Tunnel to link Britain and Northern Ireland edges closer with new study recommended

Boris Johnson - AFP
Boris Johnson - AFP

An undersea tunnel between Great Britain and Northern Ireland will move a step closer this week when a Government review recommends a feasibility study into it.

A major Union Connectivity review is expected to say that civil servants should formally appraise the plans for “a fixed link” between the two islands, most probably between Stranraer in Scotland and Larne in Northern Ireland.

The review by Network Rail chairman Sir Peter Hendy is also expected to recommend a major upgrading of road and rail links between the four nations of the UK.

The undersea tunnel – details of which were first disclosed by The Telegraph last month – has already won the enthusiastic private backing of both Boris Johnson, who first proposed a fixed link across the Irish Sea in 2018, and Alister Jack, the Scotland Secretary.

The link – dubbed ‘Boris’s burrow’ – would be the same length as the Channel Tunnel and go some way to smoothing the flow of freight between Great Britain and Northern Ireland.

Sir Peter is understood to have rejected a bridge between Great Britain and Northern Ireland on the grounds that it may have to be closed for a third of the year due to bad weather.

There is also unexploded ordnance on the sea bed dating back to the Second World War which would be a risk to the structure and to the workers building it.

The Hendy review is also expected to recommend a major upgrading of road and faster rail links between the four nations of the UK.

One government source said: "It is very good news for union connectivity across the United Kingdom."

Scottish civil servants in Edinburgh who report to the SNP-led government were told not to engage with the Hendy review, despite the fact that Scots will benefit from it.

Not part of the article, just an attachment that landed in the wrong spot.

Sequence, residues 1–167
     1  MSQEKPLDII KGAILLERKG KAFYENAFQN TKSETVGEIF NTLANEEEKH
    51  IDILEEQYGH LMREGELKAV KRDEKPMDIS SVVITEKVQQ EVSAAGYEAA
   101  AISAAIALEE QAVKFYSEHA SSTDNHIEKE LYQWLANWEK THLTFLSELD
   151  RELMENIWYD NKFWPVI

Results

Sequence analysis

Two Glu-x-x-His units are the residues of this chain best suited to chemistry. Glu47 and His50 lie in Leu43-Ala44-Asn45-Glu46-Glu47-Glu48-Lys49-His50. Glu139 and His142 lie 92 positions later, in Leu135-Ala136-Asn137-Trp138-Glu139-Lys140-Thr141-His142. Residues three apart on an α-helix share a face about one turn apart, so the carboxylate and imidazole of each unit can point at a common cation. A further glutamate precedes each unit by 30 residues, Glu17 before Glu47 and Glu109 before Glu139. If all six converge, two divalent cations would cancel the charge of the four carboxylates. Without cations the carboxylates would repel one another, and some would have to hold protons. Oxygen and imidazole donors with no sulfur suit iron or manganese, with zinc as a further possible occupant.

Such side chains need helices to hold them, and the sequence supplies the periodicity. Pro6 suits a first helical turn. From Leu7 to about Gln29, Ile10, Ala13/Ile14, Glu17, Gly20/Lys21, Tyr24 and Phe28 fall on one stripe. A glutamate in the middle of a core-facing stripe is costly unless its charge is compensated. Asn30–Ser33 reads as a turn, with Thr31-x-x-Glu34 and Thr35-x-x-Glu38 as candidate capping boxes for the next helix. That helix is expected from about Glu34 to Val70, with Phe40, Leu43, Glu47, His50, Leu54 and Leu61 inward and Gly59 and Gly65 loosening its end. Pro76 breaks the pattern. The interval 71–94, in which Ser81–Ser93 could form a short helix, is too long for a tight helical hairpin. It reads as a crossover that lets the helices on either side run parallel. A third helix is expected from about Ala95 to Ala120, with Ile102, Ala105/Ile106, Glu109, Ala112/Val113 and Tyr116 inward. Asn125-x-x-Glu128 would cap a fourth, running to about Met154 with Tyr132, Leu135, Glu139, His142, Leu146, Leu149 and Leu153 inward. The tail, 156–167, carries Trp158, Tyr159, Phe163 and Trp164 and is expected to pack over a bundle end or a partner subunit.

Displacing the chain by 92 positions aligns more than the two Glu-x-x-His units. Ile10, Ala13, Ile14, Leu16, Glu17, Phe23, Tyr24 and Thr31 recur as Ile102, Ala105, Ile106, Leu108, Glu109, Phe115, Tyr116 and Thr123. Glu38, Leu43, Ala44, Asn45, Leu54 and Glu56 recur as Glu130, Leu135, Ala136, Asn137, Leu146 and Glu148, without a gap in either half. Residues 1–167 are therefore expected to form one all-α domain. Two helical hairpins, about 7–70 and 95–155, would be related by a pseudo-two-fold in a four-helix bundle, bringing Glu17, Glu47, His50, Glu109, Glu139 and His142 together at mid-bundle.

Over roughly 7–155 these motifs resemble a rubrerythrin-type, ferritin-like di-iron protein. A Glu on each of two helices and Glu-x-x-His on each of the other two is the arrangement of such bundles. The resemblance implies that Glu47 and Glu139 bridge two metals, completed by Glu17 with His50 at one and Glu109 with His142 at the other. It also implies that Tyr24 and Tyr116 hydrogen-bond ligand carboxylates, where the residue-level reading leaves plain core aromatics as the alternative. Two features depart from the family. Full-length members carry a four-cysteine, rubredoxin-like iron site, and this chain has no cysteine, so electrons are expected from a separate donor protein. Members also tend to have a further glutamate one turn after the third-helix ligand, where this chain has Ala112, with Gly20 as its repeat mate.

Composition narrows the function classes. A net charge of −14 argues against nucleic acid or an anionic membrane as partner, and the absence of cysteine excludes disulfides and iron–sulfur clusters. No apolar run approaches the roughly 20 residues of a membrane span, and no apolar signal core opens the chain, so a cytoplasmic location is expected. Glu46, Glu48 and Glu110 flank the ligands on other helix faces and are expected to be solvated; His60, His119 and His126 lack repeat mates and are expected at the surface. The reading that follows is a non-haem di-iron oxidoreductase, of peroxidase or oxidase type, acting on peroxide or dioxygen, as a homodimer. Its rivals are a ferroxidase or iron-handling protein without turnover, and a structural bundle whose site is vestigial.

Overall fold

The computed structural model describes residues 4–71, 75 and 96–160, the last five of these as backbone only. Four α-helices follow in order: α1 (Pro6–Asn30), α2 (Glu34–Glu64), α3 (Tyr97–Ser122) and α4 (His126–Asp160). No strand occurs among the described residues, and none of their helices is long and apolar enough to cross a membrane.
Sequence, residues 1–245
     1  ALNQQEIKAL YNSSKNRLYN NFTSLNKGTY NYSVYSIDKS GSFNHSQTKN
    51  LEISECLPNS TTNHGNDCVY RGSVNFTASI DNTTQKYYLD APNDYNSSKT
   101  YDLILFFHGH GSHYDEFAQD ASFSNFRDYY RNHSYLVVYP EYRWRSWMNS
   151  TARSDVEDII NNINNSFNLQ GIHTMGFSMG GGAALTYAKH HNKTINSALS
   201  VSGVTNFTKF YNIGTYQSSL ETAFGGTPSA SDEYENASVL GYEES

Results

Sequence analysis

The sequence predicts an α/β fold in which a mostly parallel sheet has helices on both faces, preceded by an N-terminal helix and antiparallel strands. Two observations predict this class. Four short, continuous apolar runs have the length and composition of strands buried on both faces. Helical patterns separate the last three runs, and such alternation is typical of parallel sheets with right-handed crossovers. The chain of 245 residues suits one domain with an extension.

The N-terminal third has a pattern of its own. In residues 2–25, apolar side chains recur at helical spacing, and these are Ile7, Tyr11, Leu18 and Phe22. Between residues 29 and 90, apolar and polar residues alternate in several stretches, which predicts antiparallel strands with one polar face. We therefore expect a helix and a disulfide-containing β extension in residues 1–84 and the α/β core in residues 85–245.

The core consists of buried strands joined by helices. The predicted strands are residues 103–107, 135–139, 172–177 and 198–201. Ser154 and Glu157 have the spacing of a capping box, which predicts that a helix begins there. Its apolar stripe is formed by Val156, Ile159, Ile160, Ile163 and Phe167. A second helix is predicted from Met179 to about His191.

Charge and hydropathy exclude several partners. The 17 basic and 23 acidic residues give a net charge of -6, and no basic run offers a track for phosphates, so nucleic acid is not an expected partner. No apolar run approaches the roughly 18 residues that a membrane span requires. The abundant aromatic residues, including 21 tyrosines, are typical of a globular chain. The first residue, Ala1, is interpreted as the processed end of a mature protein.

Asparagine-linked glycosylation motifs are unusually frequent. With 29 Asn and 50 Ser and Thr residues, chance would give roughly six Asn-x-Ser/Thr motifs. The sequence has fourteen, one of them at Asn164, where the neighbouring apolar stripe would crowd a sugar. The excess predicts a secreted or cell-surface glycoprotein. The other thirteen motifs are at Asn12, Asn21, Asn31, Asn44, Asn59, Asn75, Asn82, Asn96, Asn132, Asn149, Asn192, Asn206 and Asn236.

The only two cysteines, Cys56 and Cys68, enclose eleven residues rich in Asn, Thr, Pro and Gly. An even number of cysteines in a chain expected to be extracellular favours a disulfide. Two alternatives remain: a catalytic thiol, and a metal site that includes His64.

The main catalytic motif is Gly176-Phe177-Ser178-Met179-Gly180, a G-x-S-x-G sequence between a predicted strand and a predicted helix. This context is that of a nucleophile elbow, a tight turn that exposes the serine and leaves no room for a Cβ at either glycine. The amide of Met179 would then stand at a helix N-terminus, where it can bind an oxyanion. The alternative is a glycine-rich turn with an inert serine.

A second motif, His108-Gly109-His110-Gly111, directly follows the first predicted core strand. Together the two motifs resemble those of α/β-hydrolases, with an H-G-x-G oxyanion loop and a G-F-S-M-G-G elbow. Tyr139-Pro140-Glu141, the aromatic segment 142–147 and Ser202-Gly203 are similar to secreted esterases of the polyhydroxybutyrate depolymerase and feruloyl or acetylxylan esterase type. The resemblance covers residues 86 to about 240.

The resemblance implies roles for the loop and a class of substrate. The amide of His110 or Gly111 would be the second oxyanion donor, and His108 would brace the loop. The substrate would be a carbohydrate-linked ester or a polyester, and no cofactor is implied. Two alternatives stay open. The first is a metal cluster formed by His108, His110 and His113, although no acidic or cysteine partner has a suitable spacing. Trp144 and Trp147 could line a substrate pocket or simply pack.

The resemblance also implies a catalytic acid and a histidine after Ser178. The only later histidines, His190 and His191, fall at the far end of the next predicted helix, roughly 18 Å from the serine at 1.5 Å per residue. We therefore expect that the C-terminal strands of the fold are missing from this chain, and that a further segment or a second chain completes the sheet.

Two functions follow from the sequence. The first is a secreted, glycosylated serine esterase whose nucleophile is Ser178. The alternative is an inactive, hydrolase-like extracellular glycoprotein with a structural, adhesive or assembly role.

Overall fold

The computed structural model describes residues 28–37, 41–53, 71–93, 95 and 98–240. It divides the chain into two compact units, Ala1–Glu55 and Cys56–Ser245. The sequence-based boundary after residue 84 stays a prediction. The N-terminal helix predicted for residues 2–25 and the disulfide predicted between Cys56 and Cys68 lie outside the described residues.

Concern about the future of the UK has now led to MPs in England setting up a WhatsApp group and working with the Conservative Union Resources Unit to work to preserve it.

Conservative MPs south of the Border are keen to work to help shore up the UK if the SNP win power again at May’s Scottish Parliament elections.

SNP leader Nicola Sturgeon is expected to use any victory to press the case for an early vote on Scottish independence.

The Conservative Union Resources Unit has around 100 members and has started to meet weekly to coordinate efforts to protect the UK from the SNP’s attempts to break it up.

Senior Conservative MP Sir Bernard Jenkin said: “It is in all our mutual interests that the SNP is not allowed to destroy the United Kingdom.”

Writing for The Telegraph, Sir Bernard said that last week’s Budget, which set up a new UK-wide Shared Prosperity Fund, allowed the Government to show that “it will not abandon the Scots to an incompetent and failing nationalist government”.

He said: “The nationalist government in Scotland has become more and more consumed by its separatist obsession. They recently decided to stop flying the Union Flag outside Scottish government buildings.

“Preoccupied by divisive gestures, they are careless of the real needs of Scots, for their jobs and financial security.

“Instead of supporting the UK connectivity review, which promotes improved rail and road links between the North of England and Scotland, they instructed their officials to refuse to cooperate.”

He added: “The record of the present nationalist administration strengthens the case for Scotland remaining in the UK, and for strengthening partnerships across the UK. The strongest argument for the UK is shown by this Budget.

“It increases support for Scotland, despite the objections of the nationalists. It has also inspired confidence in the UK, and so in Scotland too, across the entire world, despite the way the pandemic has ravaged the public finances.”

Separately Scottish Conservative leader Douglas Ross is set to accuse the SNP government of "breaking accountability to parliament".

In a speech being delivered on Monday, he will say the Scottish Parliament must be empowered to hold the executive to account.

Speaking to the Onward think tank, Mr Ross is due to say: "This sorry episode has undermined trust in the First Minister and in her government, but it has also shaken confidence in our Scottish Parliament.

"The Parliament has been tested to its limits in its ability to hold the SNP government to account and it has been found wanting.

"That is not the fault of individual parliamentarians but of a structure which has given the SNP all of the cards it needs to frustrate the opposition.

"By deliberately breaking the accountability of government to parliament, the SNP are damaging devolution and the institution that gives them the authority to govern Scotland’s public services."